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In which John Green teaches you where American politicians come from. In the beginning, soon after the US constitution was adopted, politics were pretty non-existent. George Washington was elected president with no opposition, everything was new and exciting, and everyone just got along. For several months. Then the contentious debate about the nature of the United States began, and it continues to this day. Washington and his lackey/handler Alexander Hamilton pursued an elitist program of federalism. They attempted to strengthen the central government, create a strong nation-state, and leave less of the governance to the states, They wanted to create debt, encourage manufacturing, and really modernize the new nation/ The opposition, creatively known as the anti-federalists, wanted to build some kind of agrarian pseudo-paradise where every (white) man could have his own farm, and live a free, self-reliant life. The founding father who epitomized this view was Thomas Jefferson. By the time Adams became president, the anti-federalists had gotten the memo about how alienating a name like anti-federalist can be. It's so much more appealing to voters if your party is for something rather than being defined by what you're against, you know? In any case, Jefferson and his acolytes changed their name to the Democratic-Republican Party, which covered a lot of bases, and proceeded to protest nearly everything Adams did. Lest you think this week is all boring politics, you'll be thrilled to hear this episode has a Whiskey Rebellion, a Quasi-War, anti-French sentiment, some controversial treaties, and something called the XYZ Affair, which sounds very exciting. Learn all about it this week with John Green.

Hey teachers and students - Check out CommonLit's free collection of reading passages and curriculum resources to learn more about the events of this episode. Much of America's politics came from debates between democratic republican Thomas Jefferson and federalist Alexander Hamilton:
While Jefferson would go on to become president, Hamilton heavily influenced President George Washington who set many American political ideals in his farewell address that Hamilton helped craft:

Introduction 00:00
Alexander Hamilton's Vision for America 0:26
Thomas Jefferson's Vision for America 2:10
Democratic-Republicans vs. Federalists 3:32
George Washington and the First U.S. Presidential Election 4:33
Hamilton's Five-Point Plan 5:04
Republican Opposition to Hamilton's Economic Plan 6:20
The Whiskey Rebellion 7:02
Early U.S. Foreign Affairs 7:31
The End of Washington's Presidency 8:36
Mystery Document 9:21
John Adams' Presidency 10:48
The Alien and Sedition Acts 11:56
Credits 13:24
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CC Kids:
Hi, my name is John Green, and this is Crash Course U.S. History, and now that we have a Constitution, it’s actually United States history. Today we’re going to look at the birth of America’s pastime (No, not baseball. Not football. Not eating.) I mean politics, which in America has been adversarial since its very beginnings, despite what the founders wanted.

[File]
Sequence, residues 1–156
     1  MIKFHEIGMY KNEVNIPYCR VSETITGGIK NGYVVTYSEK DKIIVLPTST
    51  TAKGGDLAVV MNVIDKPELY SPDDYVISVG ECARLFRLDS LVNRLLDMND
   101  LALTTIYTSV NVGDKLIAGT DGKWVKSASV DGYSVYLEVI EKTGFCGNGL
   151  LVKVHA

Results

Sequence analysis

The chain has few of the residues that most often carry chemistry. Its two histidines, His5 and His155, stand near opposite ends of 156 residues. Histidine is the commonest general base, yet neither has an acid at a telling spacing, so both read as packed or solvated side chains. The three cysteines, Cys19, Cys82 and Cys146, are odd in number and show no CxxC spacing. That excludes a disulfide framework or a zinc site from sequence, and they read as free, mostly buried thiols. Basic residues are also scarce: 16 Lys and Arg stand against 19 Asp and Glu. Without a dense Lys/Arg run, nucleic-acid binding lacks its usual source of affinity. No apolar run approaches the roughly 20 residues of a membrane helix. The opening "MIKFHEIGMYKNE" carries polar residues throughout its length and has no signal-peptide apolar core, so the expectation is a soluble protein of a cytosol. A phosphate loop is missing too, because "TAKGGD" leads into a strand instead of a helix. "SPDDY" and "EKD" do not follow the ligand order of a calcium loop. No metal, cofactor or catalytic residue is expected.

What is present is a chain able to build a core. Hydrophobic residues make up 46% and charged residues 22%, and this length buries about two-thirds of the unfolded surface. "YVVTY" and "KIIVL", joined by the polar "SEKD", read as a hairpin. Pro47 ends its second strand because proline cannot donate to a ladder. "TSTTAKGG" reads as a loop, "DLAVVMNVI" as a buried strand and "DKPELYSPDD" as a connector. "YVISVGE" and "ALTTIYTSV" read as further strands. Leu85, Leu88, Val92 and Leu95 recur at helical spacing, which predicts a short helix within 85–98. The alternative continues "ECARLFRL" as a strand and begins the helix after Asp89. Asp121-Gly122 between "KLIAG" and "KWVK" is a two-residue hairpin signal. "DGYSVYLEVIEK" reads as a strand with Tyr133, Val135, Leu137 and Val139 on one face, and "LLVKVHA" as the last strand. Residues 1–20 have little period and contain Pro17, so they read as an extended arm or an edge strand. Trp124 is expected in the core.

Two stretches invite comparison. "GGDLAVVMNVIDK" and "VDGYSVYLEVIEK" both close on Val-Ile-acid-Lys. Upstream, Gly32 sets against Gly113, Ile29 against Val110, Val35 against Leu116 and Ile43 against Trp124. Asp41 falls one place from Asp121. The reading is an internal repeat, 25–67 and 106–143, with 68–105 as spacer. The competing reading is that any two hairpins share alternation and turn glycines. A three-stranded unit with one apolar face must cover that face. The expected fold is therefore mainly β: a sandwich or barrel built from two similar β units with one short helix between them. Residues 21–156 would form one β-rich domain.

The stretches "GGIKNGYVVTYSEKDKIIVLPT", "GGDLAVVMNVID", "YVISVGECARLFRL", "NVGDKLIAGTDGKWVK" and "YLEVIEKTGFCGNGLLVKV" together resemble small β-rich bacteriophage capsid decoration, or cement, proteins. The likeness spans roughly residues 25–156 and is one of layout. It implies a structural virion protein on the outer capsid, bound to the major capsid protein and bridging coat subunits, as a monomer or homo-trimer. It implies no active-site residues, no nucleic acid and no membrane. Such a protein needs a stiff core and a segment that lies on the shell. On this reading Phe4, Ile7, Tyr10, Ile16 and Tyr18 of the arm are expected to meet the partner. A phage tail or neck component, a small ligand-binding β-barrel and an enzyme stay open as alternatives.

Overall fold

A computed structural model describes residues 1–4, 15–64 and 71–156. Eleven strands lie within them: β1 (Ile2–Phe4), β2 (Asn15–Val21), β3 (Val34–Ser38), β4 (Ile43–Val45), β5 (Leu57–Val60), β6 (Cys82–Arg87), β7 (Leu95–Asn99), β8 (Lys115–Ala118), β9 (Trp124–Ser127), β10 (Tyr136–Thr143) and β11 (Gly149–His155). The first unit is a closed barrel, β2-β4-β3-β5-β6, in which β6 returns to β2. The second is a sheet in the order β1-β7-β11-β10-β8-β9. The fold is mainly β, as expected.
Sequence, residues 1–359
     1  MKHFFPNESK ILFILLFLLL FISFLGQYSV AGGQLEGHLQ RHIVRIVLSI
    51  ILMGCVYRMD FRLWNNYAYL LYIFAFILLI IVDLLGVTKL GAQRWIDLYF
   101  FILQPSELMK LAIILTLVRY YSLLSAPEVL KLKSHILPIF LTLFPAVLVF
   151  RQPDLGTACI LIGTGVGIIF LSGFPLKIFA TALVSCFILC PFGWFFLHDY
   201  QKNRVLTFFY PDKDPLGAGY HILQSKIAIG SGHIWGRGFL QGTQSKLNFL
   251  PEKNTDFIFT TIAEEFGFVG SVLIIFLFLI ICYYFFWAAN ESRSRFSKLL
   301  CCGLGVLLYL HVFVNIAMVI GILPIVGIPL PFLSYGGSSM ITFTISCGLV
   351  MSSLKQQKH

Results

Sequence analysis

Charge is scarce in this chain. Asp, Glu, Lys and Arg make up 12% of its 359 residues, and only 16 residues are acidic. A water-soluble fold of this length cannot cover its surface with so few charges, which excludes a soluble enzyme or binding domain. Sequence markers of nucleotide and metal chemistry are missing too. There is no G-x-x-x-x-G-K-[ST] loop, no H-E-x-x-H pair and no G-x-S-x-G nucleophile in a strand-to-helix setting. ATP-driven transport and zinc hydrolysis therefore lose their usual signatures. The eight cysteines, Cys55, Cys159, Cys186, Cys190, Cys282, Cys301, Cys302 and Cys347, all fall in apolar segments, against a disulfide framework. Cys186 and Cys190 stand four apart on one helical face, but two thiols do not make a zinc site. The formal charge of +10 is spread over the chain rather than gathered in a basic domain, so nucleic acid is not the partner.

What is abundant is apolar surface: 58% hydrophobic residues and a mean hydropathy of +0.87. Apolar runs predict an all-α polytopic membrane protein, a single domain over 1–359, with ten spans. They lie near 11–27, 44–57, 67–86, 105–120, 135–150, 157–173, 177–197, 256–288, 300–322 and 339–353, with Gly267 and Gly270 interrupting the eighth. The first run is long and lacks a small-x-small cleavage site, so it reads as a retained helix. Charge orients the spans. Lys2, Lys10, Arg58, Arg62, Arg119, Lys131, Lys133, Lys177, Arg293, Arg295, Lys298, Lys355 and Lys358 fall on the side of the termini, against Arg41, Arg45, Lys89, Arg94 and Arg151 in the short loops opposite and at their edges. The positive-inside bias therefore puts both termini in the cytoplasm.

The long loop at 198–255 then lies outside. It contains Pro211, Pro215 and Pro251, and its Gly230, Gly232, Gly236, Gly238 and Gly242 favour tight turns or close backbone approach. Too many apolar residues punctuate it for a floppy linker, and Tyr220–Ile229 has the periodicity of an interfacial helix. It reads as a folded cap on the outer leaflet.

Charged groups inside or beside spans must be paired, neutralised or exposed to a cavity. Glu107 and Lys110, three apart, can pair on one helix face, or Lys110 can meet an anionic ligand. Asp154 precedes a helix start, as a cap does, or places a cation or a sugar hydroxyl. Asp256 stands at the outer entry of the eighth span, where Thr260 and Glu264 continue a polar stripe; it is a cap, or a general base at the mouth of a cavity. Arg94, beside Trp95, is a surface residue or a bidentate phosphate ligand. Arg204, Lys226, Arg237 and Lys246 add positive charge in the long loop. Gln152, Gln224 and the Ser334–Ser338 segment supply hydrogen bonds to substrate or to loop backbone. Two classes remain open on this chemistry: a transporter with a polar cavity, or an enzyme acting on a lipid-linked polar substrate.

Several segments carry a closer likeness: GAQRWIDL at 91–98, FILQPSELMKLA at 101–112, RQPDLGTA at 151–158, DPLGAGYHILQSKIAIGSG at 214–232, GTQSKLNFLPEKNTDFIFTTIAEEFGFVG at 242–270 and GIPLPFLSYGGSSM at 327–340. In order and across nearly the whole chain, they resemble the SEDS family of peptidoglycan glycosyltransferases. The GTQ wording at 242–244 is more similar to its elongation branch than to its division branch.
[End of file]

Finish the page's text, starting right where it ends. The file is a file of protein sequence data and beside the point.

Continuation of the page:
We looked at the first big conflict in American politics last week: Constitution or Articles of Confederation? I hope that I convinced you we made the correct choice, but regardless, we made it. The constitution passed. But immediately following the passage of the constitution a pretty fundamental conflict came up: what kind of a country should we be?

MFTP: Mr Green, Mr Green! The US is supposed to be the policeman of the world and keep the people in the green parts of Not-America from hurting themselves.

Oh, Me From The Past, we don’t get into that stuff until 1823.


So, one vision of America was put forward by Alexander Hamilton, who’d served in the war as Washington’s top aide and would go on to be his first Secretary of the Treasury and probably would have been President himself, had he not been born in the British West Indies. Hamilton had a strong personality, and as you can see, the beautiful wavy hair of a Caribbean god, and he had very definite ideas about what he wanted the future of America to look like:

First, Hamilton wanted the country to be mercantile, which means that he believed that we should be deeply involved in world trade.

Second, he wanted the U.S. to be a manufacturing powerhouse. We wouldn’t just buy and sell stuff; we would make it too. He even invested in a plan to make Patterson, New Jersey, a manufacturing hub, which of course ultimately failed, because New Jersey. But to make a manufacturing giant, he needed a strong government that could build infrastructure and protect patents. But you already knew that he was in favor of a strong government because, of course, he wrote so many of the Federalist Papers.